What do you do after you slash one billion dollars out of your city’s police budget to “redistribute” it to social justice causes? Well, for one thing, at least in New York, you sit and ponder what you’re going to do about your suddenly skyrocketing crime rates. But after that, you’ll probably want to figure out what to do about how to pay for all the lawsuits that arise after City Hall essentially agrees with the rioters in the streets that the cops are the root of all of your problems and people start growing even more litigious.
In the case of New York City and the state capital, the elected elders have clearly seen a path forward through this part of the maze. Assuming that everyone will be suing the police if the officers so much as look at them funny and knowing that City Hall won’t have their backs, you partner up with the state government and force the cops to have liability insurance so the city won’t have to pay all of the settlements that are looming over the horizon. Think I’m kidding? That’s an idea that’s seriously on the table in the state legislature right now. (NY Post)
State lawmakers are churning out more proposed laws to hold cops accountable for misconduct.
A bill introduced by state Sen. Alessandra Biaggi (D-Bronx) would require police officers to obtain personal liability insurance to cover civil lawsuits filed against them for excessive force and other abuses as a way to deter misconduct.
Under current law, cops who are sued are represented by the city law department and taxpayers foot the bill for any verdict or settlement.
Biaggi’s proposal would require each officer to obtain individual liability insurance. The city or other local governments would still be required to cover the basic insurance policy to cover tort litigation costs.
The bill’s author is describing this as a way to establish a “financial disincentive for police misconduct and create accountability for abhorrent behavior.” The number of things wrong with this proposal boggles the mind, and this is setting loose a flock of chickens that will come home to roost far sooner than later.
First of all, there’s one thing we know for certain. While there are certainly incidents of abuse by police officers who need to be held to account, vast numbers of suspects find themselves some ambulance-chasing lawyers and makes all sorts of unfounded claims against police officer all the time. That’s why there’s an old saying among defense lawyers about how there’s never been a guilty person in jail. Everyone has an excuse. And if there’s even a chance you can blame the cop for “mishandling” during an arrest, it increased your chances of getting off on a technicality.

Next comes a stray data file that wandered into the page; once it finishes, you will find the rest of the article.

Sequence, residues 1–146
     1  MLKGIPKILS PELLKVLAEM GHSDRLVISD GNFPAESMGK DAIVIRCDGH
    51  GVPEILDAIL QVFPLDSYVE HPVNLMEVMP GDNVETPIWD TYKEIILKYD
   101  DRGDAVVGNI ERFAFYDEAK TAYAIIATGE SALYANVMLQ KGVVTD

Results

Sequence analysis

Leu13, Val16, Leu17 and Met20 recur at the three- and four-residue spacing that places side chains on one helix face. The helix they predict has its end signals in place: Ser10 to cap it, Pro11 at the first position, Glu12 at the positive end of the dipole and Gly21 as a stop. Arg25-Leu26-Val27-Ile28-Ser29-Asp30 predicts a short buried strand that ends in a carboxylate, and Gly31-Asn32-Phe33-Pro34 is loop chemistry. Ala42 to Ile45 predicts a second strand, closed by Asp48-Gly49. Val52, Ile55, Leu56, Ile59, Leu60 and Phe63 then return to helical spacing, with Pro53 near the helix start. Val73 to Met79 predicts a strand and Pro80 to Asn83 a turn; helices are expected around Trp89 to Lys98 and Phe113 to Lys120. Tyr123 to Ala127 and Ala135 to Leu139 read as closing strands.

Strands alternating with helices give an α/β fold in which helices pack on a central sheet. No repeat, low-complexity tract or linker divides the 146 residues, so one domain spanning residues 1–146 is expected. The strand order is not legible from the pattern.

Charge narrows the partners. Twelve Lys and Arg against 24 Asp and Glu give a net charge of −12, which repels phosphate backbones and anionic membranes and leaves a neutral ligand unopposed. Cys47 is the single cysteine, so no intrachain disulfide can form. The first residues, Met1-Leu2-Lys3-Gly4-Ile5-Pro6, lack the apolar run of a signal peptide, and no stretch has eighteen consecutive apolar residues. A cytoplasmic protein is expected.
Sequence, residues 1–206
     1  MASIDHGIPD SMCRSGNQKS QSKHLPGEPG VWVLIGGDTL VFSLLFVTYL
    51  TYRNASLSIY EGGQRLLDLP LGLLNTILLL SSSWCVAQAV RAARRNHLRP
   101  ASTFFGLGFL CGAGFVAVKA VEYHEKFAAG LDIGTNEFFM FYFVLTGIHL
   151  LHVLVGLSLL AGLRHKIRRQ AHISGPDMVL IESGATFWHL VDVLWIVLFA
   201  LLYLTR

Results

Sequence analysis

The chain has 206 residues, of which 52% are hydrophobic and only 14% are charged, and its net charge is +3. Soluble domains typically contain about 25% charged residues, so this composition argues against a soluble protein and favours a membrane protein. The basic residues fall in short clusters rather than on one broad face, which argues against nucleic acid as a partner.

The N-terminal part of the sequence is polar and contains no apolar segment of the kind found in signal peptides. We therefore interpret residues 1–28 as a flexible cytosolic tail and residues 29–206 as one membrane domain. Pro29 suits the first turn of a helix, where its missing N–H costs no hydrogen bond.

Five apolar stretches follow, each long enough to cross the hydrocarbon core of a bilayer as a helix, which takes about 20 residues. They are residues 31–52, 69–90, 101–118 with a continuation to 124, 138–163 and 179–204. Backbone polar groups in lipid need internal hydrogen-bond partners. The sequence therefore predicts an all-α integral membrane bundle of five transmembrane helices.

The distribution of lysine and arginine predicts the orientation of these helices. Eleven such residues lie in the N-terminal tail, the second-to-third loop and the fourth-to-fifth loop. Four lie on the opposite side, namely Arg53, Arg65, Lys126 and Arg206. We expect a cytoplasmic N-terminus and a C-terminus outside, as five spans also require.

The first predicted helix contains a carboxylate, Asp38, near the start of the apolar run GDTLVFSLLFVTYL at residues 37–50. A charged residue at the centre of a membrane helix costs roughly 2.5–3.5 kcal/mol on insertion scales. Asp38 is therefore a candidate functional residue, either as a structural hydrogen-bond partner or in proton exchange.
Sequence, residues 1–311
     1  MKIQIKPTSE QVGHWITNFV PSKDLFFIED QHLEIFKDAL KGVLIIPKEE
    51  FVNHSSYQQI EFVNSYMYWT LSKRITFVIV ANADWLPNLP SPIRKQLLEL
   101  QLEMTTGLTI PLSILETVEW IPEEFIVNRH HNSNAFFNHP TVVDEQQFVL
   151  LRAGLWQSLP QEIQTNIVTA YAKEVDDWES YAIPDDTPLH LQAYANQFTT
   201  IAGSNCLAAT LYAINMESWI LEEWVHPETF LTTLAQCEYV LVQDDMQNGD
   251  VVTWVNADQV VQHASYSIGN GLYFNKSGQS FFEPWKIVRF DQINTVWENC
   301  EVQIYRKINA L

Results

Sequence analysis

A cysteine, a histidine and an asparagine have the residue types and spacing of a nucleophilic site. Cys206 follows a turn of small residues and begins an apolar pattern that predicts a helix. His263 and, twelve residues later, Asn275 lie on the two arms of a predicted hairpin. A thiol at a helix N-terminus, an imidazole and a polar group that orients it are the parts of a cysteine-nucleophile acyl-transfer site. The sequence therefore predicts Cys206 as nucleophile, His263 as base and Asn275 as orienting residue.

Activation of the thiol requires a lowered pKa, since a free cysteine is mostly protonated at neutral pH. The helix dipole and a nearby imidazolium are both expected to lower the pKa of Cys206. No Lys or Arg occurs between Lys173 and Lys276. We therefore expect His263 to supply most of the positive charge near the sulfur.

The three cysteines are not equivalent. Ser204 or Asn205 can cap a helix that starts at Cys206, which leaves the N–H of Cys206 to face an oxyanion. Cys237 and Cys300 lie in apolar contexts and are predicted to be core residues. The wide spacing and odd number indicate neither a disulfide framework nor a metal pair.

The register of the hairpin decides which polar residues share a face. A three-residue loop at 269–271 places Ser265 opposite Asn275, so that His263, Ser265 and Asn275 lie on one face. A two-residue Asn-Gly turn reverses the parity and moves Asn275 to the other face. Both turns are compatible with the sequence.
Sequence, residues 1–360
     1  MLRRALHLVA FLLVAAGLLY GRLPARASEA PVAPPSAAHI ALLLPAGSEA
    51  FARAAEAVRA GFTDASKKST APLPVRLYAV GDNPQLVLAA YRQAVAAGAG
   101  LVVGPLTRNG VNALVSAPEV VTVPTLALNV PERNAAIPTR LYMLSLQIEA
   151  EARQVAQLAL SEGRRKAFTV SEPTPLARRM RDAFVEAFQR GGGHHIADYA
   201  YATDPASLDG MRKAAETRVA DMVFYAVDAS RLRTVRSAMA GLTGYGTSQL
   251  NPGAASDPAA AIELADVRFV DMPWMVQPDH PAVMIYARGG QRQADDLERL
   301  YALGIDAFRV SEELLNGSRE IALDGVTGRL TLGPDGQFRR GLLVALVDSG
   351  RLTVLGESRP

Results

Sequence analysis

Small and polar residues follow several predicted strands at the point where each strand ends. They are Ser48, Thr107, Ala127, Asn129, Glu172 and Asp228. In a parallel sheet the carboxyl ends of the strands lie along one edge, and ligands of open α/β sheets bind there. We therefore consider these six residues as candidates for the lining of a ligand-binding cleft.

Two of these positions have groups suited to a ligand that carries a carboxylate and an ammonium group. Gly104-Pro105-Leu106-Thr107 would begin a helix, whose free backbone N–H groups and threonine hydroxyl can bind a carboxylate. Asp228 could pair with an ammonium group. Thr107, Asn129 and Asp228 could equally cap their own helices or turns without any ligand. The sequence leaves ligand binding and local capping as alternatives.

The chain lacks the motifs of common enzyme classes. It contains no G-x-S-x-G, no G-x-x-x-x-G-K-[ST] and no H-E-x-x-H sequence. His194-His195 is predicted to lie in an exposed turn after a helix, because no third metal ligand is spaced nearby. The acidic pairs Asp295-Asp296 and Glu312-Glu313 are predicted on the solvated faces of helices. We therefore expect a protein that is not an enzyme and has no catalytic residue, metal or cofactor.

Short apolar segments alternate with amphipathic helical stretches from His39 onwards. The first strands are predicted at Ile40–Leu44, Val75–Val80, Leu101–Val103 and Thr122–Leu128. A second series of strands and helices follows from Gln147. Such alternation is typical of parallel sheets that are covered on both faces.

Also, this fee for liability insurance won’t just be levied on cops who are found to be in violation of protocols or even engaging in criminal behavior. That’s a vanishingly small percentage of them. But the charges will apply to all of them. It’s not as if you get rich being a cop. (Trust me, we’ve had plenty in my family.) There’s a clear parallel here to the way that gun control laws massively and disproportionately impact lawful gun owners instead of those who commit gun crimes. This isn’t a “disincentive for police misconduct.” It’s a disincentive to be a police officer.
And this isn’t the only bill like this currently being put on the table. There’s a separate one that will strip police officers of their pensions in cases of alleged misconduct. Granted, I don’t think that the egregious offenders like Michael Slager and others should be allowed to collect pensions after committing cold-blooded murder. That’s offensive to the families of the victims and society in general.
But what about marginal cases like that of the officer who shot Rayshard Brooks? He was hustled off for a murder charge before the state Bureau of Investigation could even conclude an investigation and the specifics of the charges are weak to say the least. Will he and his partner be stripped of the pensions they risked their lives for all these years if other states start adopting rules like this?
I’ve got a prediction for you and I’m willing to put some free Hot Air t-shirts on the line for it as a wager. What this action is going to result in isn’t less illegal behavior by cops. It’s going to result in fewer cops. Who in their right mind is going to want to put on the badge and go out and literally risk their lives every night protecting and serving, all the while knowing that their pay is being slashed and nobody will have their back when the mob comes for them? Not many, in my never very humble opinion.